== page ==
This time was a bit different for me, since I had the honor of serving on the Governor's escort into the House chamber. In any case, while these activities seem a bit time-consuming, they are vitally important to maintaining a society based on the rule of law.
The week also saw the usual salvo of bills and resolutions launched. I'll give you my customary "most interesting" recap in this and the next few columns, with the qualifier that "interesting" doesn't mean I support the legislation.
HB 2 is focused on closing a loophole in Georgia's illegal immigration law. It would require that grants only be awarded to individuals or organizations who comply with state and federal statutes mandating verification of employee citizenship or lawful presence in the U.S.
HB 16 would prohibit use of devices intended to track the location or movement of a person without his or her consent. The bill exempts parents, law enforcement (which would still have to obtain a warrant) and service providers whose equipment can incidentally provide location data (primarily cell phone companies, at present).
HB 17 and 18 would respectively eliminate state income and ad valorem taxes on corporations. These bills probably won't get too far during a session in which we must make sharp budget cuts.
HB 23 proposes making cell phone use or "texting" illegal for drivers under 18. Exception is made for reporting traffic accidents, emergencies and road hazards, as well as for use of a device while parked. This bill is presumably a response to increasing reports of accidents caused by inexperienced drivers who've been distracted by such devices.
HB 26 would require that every deed conveying land include mineral rights disclosure. Such information isn't necessarily valuable for most of us, but is certainly something we should know.
HB 33 proposes a K-12 Religious Viewpoints Anti-discrimination Act. The bill is patterned after one passed by Texas in 2007, which sought to define religious expression rights and duties within a school environment more clearly. The goal is two-fold: to protect personal rights of expression and also to protect school systems by giving them better defined standards for how to handle situations concerning those rights.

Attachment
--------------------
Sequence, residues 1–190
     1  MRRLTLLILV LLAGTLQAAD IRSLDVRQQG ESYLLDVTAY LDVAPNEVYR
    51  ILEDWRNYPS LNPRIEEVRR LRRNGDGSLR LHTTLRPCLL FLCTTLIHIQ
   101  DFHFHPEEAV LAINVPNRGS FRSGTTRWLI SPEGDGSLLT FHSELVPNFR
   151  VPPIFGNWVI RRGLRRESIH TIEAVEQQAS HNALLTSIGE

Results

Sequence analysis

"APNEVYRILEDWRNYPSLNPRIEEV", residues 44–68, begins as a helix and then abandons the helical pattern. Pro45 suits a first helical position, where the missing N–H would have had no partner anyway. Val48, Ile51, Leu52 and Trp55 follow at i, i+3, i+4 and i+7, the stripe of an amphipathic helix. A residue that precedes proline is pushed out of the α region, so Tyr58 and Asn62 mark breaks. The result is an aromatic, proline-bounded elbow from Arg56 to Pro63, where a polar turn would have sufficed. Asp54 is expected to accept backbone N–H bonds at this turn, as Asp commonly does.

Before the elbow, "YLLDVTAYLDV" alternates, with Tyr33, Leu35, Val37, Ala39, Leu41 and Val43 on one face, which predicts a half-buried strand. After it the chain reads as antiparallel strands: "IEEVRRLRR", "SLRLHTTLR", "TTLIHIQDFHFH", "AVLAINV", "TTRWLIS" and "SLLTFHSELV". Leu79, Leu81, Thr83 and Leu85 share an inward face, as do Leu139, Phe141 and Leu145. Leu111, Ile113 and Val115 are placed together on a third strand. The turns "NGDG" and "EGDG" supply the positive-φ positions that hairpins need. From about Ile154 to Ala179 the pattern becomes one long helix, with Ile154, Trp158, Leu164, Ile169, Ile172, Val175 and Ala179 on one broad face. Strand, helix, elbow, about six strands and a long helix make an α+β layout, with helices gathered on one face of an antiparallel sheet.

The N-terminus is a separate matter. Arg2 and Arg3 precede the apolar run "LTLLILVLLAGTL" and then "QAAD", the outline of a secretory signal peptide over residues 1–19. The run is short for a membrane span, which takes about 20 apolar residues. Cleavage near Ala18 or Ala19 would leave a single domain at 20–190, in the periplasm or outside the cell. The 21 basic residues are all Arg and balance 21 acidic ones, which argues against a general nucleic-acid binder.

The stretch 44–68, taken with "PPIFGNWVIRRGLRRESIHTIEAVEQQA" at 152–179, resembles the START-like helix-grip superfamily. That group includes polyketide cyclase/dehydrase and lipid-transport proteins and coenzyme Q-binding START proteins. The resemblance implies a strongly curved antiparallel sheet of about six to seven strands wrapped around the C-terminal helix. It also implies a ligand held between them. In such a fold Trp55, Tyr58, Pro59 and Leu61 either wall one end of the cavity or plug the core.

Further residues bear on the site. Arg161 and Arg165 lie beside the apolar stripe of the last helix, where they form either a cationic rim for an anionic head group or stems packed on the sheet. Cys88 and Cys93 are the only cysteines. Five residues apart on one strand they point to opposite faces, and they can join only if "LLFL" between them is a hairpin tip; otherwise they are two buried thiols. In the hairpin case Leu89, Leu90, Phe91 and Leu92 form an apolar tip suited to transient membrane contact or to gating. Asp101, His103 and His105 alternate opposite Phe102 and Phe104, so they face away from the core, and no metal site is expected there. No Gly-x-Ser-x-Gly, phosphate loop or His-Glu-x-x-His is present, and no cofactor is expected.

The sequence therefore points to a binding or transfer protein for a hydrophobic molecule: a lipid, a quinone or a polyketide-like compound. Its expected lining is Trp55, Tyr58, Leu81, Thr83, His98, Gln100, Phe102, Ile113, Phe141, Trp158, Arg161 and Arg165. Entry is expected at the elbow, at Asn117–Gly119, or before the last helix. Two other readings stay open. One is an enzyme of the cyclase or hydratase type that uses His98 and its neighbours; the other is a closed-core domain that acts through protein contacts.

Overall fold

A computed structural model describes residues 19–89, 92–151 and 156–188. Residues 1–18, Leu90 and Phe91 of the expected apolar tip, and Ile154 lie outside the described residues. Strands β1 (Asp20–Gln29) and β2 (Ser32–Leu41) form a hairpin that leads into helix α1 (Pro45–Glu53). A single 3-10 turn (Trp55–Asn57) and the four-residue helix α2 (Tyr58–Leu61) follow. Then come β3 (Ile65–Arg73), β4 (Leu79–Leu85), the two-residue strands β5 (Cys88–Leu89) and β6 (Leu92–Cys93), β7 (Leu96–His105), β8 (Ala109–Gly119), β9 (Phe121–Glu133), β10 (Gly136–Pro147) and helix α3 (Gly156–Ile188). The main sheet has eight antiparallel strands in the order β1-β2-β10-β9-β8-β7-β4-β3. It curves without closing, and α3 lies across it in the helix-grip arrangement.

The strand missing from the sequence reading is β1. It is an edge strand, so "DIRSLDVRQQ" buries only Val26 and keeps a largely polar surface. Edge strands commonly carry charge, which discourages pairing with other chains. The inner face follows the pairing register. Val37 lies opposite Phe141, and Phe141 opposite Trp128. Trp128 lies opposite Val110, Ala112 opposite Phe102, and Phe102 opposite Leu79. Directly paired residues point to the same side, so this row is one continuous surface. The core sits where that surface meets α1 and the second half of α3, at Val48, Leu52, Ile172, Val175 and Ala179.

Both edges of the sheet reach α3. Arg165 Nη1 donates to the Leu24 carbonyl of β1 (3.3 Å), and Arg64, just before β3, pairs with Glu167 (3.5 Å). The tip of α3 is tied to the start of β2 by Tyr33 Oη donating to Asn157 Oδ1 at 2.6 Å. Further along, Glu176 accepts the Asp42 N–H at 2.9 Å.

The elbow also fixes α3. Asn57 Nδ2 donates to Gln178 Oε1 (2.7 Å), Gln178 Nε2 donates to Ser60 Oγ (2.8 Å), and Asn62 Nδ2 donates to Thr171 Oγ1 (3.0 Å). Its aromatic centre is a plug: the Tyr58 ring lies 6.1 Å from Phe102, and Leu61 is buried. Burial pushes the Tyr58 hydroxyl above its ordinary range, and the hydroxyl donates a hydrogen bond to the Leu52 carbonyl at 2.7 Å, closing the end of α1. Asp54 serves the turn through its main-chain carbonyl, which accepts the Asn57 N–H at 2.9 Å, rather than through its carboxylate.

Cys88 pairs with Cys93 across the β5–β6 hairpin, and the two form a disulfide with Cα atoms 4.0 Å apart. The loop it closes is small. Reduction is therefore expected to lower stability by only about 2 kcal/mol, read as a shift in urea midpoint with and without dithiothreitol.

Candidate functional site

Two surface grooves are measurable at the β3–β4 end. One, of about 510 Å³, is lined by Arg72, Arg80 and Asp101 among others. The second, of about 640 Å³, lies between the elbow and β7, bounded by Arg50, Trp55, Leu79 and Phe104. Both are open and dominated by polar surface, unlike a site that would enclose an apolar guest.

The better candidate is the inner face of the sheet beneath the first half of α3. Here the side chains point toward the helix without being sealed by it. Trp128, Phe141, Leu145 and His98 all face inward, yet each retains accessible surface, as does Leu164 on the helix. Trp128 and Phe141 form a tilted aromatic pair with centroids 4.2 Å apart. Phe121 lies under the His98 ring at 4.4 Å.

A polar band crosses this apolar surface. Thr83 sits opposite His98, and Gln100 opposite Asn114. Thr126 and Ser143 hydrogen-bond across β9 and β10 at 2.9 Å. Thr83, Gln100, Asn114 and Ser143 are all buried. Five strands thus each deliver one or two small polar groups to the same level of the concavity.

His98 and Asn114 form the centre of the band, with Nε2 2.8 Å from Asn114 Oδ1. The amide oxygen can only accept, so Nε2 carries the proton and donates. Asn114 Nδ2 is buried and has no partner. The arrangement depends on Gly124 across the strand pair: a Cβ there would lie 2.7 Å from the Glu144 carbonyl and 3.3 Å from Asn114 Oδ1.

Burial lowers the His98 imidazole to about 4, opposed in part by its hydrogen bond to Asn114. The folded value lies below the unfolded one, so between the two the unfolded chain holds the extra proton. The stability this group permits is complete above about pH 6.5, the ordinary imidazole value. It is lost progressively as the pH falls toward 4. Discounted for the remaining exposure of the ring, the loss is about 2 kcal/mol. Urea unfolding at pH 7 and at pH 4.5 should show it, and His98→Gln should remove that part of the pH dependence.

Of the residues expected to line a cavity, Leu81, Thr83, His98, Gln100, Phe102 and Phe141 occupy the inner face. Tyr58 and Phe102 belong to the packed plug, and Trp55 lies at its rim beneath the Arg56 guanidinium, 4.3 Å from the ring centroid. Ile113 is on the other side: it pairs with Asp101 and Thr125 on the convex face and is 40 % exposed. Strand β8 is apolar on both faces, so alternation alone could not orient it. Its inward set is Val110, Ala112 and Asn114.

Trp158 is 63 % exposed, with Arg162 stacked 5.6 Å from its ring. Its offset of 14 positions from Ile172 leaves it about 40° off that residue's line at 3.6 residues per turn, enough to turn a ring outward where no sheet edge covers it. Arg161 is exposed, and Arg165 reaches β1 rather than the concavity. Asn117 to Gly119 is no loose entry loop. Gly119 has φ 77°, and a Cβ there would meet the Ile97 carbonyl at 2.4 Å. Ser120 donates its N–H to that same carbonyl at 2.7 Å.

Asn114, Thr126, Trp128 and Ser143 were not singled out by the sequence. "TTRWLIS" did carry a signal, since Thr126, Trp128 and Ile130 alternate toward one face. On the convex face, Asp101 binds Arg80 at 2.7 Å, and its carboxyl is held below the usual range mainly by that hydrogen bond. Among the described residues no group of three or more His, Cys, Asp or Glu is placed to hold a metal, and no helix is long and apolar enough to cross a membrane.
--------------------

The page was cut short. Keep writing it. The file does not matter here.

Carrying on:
HB 36 seeks to create a "Blue-Alert" system. An alert would be called when a law enforcement officer has been seriously injured or killed, and the un-apprehended suspect poses a serious threat to the public. This bill is obviously a response to recent high-profile cases involving very violent suspects on the loose.
HB 38 is working on a vein similar to HB 16. This bill would make it illegal to require or force a person to accept implantation of a device capable of tracking or providing information about their person. It grants a two-year statute of limitations for circumstances where a device has been implanted without the victim's knowledge. Victims would be entitled to pursue both civil and criminal action, and to collect very significant damages.
HB 43 attempts to deal with the current rash of metal theft (especially copper) by requiring that scrap metal recyclers collect information from non-licensed sellers and maintain those records for at least two years. The bill would further prohibit dealers from buying scrap from sellers under 18 years old and has significant penalties. I agree that metal theft is a problem worthy of action, but this bill is a bit too heavy handed. Hopefully the author will change to a more targeted approach.
We won't be in session next week while appropriations hearing are held, so I'll continue with more new bills the following week.
Doug Holt is a Republican Georgia house representative from Soclal Circle.